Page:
Kent-based scaffolder Lee Camden and his son Frankie are constructing a charity fundraising project to help the Oliver Fisher Neonatal ward at Medway Hospital buy vital equipment.
It’s a personal mission fired up from the day medical staff saved his newborn son’s life, at a time when he wasn’t expected to get through the first 24 hours. Two weeks overdue Frankie had six probes attached to him as he fought for life. In fact, Frankie was just 20 minutes away from being stillborn. Both parents were told he might not be able to walk, talk or even hear, but somehow he pulled through.
Six years on from that fraught and fearful day, Frankie is turning into a strong and vibrant youngster, though he does need hearing aid devices.
It’s just a reminder of what a lot of love, determination and skill from those amazing NHS staff can achieve even in the darkest of hours. And don’t bet on Frankie eventually following his dad into the scaffolding business, as he’s already becoming highly skilled at organising very special toy scaffolding at home. It’s all part of a fascinating family story as Lee explained:
“It all goes back to my own dad, Phill Camden because, from the moment I became aware of what was going on around me, I wanted to be a scaffolder. He got me a kit very much like Meccano, except it was toy scaffolding. It was fantastic putting structures together and it taught me such a lot at a young age.
“The scaffolding bug never left me, so it was no surprise I eventually ended up in this wonderful industry. I still had the toy kit in the loft and Frankie knew about it – he kept asking me to get out Grandad’s kit. Soon Frankie was creating some impressive mini scaffolding around the house especially on the stairs.”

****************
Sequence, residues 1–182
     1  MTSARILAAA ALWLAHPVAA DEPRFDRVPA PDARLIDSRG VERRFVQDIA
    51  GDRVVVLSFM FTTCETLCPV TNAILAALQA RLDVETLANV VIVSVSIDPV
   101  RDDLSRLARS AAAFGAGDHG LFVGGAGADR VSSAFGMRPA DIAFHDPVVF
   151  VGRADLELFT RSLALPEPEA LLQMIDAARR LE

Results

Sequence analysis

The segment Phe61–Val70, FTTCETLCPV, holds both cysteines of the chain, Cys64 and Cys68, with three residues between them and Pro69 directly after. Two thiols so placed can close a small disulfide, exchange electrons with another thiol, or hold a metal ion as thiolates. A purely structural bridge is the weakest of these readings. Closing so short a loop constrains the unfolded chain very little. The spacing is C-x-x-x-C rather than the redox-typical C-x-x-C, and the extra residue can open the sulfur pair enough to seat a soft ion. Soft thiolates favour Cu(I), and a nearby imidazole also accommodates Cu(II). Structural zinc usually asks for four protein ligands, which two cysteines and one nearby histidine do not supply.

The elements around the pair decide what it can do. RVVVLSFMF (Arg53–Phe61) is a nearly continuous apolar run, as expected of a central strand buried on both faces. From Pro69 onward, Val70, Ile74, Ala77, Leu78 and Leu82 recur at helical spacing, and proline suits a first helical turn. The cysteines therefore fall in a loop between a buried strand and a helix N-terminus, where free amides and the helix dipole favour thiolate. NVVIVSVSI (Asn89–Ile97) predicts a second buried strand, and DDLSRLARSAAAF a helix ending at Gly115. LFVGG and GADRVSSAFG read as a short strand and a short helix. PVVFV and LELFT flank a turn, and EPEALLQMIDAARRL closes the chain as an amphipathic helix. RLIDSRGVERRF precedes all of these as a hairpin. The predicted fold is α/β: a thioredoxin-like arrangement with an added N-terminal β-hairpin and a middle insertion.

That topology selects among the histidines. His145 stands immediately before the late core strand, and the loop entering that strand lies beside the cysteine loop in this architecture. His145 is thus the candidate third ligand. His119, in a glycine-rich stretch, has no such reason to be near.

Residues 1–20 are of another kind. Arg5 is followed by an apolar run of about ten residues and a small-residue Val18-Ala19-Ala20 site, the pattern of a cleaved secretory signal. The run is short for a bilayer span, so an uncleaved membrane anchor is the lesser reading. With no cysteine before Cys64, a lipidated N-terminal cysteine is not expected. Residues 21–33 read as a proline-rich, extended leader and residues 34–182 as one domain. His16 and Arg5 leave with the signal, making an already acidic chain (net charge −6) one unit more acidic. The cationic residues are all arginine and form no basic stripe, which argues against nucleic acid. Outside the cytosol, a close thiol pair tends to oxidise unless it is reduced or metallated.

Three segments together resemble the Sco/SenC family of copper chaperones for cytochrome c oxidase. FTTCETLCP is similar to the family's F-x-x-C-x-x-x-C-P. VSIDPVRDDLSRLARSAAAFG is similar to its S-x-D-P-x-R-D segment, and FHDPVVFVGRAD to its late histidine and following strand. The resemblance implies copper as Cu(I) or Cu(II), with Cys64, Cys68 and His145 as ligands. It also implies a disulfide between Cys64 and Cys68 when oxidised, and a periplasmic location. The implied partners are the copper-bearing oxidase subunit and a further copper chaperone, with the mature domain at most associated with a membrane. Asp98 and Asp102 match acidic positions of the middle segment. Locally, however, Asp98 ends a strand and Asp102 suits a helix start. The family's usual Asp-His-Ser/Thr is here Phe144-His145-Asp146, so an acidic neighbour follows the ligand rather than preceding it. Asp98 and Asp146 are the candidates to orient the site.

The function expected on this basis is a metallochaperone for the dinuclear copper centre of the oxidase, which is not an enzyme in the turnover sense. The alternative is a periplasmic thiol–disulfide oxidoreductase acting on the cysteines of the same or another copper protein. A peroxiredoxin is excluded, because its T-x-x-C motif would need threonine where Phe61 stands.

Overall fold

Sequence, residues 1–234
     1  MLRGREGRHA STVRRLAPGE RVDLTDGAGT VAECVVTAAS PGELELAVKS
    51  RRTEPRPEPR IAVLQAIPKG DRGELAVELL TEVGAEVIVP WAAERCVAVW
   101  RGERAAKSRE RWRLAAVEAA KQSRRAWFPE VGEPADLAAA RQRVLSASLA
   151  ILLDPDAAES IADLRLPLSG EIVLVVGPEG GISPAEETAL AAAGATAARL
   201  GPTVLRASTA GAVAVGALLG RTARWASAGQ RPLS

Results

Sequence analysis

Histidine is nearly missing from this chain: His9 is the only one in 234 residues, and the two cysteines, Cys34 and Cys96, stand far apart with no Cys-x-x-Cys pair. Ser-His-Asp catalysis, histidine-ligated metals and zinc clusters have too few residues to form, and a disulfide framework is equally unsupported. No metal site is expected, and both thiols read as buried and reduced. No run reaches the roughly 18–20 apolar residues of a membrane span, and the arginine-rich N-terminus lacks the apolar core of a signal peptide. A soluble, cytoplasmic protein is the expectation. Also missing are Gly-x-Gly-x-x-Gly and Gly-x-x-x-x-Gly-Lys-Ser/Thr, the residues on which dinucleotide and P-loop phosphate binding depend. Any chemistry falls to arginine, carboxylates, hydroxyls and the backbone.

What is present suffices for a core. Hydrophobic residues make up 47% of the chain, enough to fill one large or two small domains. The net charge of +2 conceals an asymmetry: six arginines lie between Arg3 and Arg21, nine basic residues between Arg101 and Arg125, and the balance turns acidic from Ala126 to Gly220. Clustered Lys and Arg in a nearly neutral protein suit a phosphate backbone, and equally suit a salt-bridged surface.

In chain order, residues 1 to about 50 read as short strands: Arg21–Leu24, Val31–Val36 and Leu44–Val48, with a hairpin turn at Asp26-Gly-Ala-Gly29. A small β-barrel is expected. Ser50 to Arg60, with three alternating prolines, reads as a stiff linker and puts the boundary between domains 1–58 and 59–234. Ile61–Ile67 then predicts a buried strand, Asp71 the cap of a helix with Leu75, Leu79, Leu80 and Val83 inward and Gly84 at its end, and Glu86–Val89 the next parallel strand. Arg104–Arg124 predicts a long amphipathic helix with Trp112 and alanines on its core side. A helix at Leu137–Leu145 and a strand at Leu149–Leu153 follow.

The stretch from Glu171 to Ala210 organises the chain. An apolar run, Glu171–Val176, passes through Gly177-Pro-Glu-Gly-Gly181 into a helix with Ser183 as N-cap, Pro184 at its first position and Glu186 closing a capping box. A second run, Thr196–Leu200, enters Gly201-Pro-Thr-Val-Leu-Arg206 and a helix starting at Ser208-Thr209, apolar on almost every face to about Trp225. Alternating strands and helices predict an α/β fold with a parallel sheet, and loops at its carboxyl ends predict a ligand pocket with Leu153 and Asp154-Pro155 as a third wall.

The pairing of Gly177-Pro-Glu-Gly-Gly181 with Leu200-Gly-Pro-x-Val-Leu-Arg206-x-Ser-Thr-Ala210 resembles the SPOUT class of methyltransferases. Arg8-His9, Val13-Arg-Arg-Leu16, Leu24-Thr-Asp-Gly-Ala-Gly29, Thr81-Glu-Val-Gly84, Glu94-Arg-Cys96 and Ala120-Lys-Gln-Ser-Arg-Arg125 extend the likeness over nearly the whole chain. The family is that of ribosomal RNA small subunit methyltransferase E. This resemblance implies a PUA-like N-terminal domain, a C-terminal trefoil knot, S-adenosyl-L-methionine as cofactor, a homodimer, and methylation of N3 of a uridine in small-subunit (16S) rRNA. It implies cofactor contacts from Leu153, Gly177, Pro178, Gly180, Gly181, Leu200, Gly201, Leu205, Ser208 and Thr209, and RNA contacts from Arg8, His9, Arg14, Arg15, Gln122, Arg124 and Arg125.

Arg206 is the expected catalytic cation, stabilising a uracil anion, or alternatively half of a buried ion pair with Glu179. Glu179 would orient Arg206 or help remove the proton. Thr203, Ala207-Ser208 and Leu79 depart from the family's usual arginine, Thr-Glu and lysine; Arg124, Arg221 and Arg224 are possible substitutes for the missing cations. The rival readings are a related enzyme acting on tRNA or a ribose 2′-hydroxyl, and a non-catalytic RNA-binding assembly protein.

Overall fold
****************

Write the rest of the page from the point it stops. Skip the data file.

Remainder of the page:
So far Lee and Frankie have managed to raise more than £1,000 for the hospital – there’s no specific target – just to get as much money as possible, so the ward can buy what it needs to keep improving their services. They don’t get any special budget from the NHS, so a lot of equipment is provided through donations.
The Oliver Fisher Baby Unit is a tertiary neonatal facility caring for babies who require intensive care. They care for babies from Medway and the surrounding South-East Thames region including Dartford, Gravesend, Maidstone and Tunbridge Wells. It’s a 36-cot unit.
Lee began making toy scaffolding sets in order to sell them with £10 profit on each set going to the unit. They include a sprinter half back, tube, fittings, boards, one ladder and yard fencing. Enough to build a 20 x 30 structure.
He added: “To be honest it would be great to get a work clothing range we can sell to make more money for the hospital. We’re already carrying out research and hope to be able to put the plan into action very soon.
“We’ve also been talking about arranging a soapbox race day involving scaffolders and builders. We’ll do whatever possible to keep the fundraising going. The Ward staff certainly saved my son’s life and a lot of others since, so I’m passionate about helping them as much as possible especially during such difficult times.”
Frankie’s toy scaffolding is becoming quite a social media hit across the UK – in fact, Lee might just have created a new trend. More importantly, it’s building funds for a vital unit in the heart of the NHS, saving lives at the same time. So why not play your part in this wonderful story?
You can donate to Frankie’s charity fundraising project by visiting their GoFundme page here: https://www.gofundme.com/f/toy-scaffolding?utm_campaign=p_lico+share-sheet&utm_medium=copy_link&utm_source=customer